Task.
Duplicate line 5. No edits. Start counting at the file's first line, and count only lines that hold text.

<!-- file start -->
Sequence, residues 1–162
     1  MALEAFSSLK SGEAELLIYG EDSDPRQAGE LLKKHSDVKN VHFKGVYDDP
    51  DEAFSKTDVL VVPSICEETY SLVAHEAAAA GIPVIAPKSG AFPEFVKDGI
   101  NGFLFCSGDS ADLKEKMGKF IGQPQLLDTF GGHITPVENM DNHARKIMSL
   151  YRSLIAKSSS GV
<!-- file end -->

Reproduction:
   151  YRSLIAKSSS GV